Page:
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How to Select Golf Grips

by Michael Joseph

    There are so many golf grips on the market that it can be a difficult to decide which is best for you. Picking your grips should not be done haphazardly, especially with the cost of regripping clubs. Playing with the right grips can help you score better--it is not just about which color you like the most. There are some important factors to consider when choosing grips.

    Step 1

    Weigh your options before choosing your grip size. Grips come in many widths or thicknesses: undersize, standard, midsize, oversize and any size in between with the use of buildup tape underneath the grip. Personal comfort, hand size and finger length should be considered. Typically, the fingertips of your top hand should be just slightly touching your palm when gripping a club.

    Step 2

    Consider using a different size grip to affect ball flight. The thicker the grip is, the less your hands and wrists will rotate during the swing. This can lead to fades/pushes, but it can be used as a swing aid for golfers who overrotate their hands and pull/hook the ball. A thin or undersize grip will allow for more rotation of the hands. This can result in pulls or hooks.

    Step 3

    Obtain a longer-lasting grip with the corded (hairy-looking) grip, which is a firmer, tougher type. Corded grips tend to provide a little more traction in wet conditions. Some golfers dislike how rough they feel on their hands. Corded grips are usually a little more expensive than regular grips. Golf Pride's MultiCompound Cord grip is corded on the top half of the grip and has a regular surface on the bottom. This is the best of both worlds, offering the reliability of cord and the comfort of rubber.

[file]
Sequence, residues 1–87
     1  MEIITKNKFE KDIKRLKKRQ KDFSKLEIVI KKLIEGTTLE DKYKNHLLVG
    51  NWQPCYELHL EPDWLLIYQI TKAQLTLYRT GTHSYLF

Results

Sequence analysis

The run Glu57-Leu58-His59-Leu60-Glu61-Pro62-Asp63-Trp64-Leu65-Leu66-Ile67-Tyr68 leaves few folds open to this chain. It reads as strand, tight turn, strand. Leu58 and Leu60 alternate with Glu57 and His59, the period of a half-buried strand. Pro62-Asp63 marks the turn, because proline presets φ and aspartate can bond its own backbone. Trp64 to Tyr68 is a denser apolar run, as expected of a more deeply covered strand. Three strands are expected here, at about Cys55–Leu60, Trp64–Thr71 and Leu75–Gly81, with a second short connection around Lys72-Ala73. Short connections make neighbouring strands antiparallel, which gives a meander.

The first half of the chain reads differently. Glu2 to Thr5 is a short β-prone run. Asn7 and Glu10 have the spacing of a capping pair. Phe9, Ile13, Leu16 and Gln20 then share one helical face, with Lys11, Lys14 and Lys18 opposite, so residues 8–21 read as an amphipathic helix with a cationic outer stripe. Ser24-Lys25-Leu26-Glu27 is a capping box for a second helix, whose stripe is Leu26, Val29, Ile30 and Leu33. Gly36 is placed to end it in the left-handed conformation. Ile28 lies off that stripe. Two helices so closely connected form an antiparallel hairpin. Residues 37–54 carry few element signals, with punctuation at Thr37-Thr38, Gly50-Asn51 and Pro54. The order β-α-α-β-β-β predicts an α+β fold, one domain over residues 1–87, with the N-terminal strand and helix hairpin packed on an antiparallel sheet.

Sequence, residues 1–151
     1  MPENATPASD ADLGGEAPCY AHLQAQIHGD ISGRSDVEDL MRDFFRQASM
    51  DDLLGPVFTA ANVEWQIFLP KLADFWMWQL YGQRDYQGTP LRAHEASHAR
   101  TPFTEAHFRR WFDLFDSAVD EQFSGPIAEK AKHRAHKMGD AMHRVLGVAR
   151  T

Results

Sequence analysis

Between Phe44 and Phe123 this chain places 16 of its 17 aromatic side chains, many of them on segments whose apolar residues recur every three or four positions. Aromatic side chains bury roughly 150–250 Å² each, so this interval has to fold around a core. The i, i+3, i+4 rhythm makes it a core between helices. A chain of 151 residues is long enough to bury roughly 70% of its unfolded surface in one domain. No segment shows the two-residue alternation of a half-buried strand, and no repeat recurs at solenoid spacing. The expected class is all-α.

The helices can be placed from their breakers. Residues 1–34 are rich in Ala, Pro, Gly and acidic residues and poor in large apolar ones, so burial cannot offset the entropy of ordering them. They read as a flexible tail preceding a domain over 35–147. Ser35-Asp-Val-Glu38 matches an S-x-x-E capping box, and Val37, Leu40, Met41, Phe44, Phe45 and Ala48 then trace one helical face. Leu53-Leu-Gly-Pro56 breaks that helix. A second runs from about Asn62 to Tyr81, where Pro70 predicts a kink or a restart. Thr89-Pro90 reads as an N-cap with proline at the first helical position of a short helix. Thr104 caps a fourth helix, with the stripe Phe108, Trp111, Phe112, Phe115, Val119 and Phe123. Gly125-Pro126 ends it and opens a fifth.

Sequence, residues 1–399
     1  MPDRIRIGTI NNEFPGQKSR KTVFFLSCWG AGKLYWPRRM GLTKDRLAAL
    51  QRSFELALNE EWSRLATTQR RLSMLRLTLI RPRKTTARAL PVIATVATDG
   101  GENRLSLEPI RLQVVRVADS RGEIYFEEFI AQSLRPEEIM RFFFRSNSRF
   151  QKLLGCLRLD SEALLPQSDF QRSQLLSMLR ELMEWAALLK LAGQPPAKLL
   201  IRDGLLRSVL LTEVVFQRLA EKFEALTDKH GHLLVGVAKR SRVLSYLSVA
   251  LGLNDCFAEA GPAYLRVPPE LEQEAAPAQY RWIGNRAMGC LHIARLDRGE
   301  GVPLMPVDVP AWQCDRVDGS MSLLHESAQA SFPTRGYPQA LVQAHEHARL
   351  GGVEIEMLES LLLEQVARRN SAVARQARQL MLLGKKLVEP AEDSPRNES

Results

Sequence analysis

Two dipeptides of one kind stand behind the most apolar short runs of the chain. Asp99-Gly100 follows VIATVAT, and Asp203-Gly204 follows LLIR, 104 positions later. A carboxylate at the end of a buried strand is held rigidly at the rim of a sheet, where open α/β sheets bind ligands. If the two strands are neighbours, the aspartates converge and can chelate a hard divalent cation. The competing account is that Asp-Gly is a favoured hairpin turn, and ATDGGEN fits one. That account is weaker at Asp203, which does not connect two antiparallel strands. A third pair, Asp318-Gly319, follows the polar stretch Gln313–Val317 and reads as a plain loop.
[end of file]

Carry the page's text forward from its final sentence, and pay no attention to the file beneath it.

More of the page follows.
Step 4

    Use a two-piece grip for a softer, tacky feel. Two-piece grips have a firm inner core with a soft wrapping around the core. They also completely dampen the vibration of the club in your hands. The downside is that they don't last as long, and they cost more than other grips. Winn makes the best two-piece grips.

    Step 5

    Decide if you want any extra features on your grips. Grips are now available featuring your favorite sports team. A multitude of color choices lets you match the colors of your bag or clubs. Should you need them, there are also arthritic grips available. Arthritic grips are extra large and are covered with hard, raised bumps to help the golfer feel the grip.

    Tips

    • There is no right or wrong in choosing grips; what's most important is that you like the feel of the grip.

    Warnings

    • Regripping your clubs can be expensive, so do some research, learn to do it yourself and save a lot of money.

    About the Author

    Michael Joseph is a golf industry professional in New Jersey. He has worked as a golf professional, instructor, and clubmaker. Joseph's education includes a degree in golf operations management and a certification in club-fitting from The Golf Academy of America (formally the San Diego Golf Academy). Joseph shares his golf experience and knowledge with others by writing articles for Demand Media Studios and Golflink.com.

    Photo Credits

    • Chris Graythen/Getty Images Sport/Getty Images